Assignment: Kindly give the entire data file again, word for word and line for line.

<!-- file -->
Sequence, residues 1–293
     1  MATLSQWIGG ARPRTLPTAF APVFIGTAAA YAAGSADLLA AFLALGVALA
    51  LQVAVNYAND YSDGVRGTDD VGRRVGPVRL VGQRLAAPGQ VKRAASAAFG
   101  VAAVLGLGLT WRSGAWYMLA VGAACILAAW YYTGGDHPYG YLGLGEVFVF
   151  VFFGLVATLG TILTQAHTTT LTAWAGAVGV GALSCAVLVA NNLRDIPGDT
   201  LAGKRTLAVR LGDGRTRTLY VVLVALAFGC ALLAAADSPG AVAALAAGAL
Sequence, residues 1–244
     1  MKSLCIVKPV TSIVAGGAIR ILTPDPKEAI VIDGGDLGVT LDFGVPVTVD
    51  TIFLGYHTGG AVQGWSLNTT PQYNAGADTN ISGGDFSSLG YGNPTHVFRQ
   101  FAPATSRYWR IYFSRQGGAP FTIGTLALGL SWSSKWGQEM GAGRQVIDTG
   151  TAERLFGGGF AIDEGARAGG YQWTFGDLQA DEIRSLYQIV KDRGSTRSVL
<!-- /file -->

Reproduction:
Sequence, residues 1–293
     1  MATLSQWIGG ARPRTLPTAF APVFIGTAAA YAAGSADLLA AFLALGVALA
    51  LQVAVNYAND YSDGVRGTDD VGRRVGPVRL VGQRLAAPGQ VKRAASAAFG
   101  VAAVLGLGLT WRSGAWYMLA VGAACILAAW YYTGGDHPYG YLGLGEVFVF
   151  VFFGLVATLG TILTQAHTTT LTAWAGAVGV GALSCAVLVA NNLRDIPGDT
   201  LAGKRTLAVR LGDGRTRTLY VVLVALAFGC ALLAAADSPG AVAALAAGAL
Sequence, residues 1–244
     1  MKSLCIVKPV TSIVAGGAIR ILTPDPKEAI VIDGGDLGVT LDFGVPVTVD
    51  TIFLGYHTGG AVQGWSLNTT PQYNAGADTN ISGGDFSSLG YGNPTHVFRQ
   101  FAPATSRYWR IYFSRQGGAP FTIGTLALGL SWSSKWGQEM GAGRQVIDTG
   151  TAERLFGGGF AIDEGARAGG YQWTFGDLQA DEIRSLYQIV KDRGSTRSVL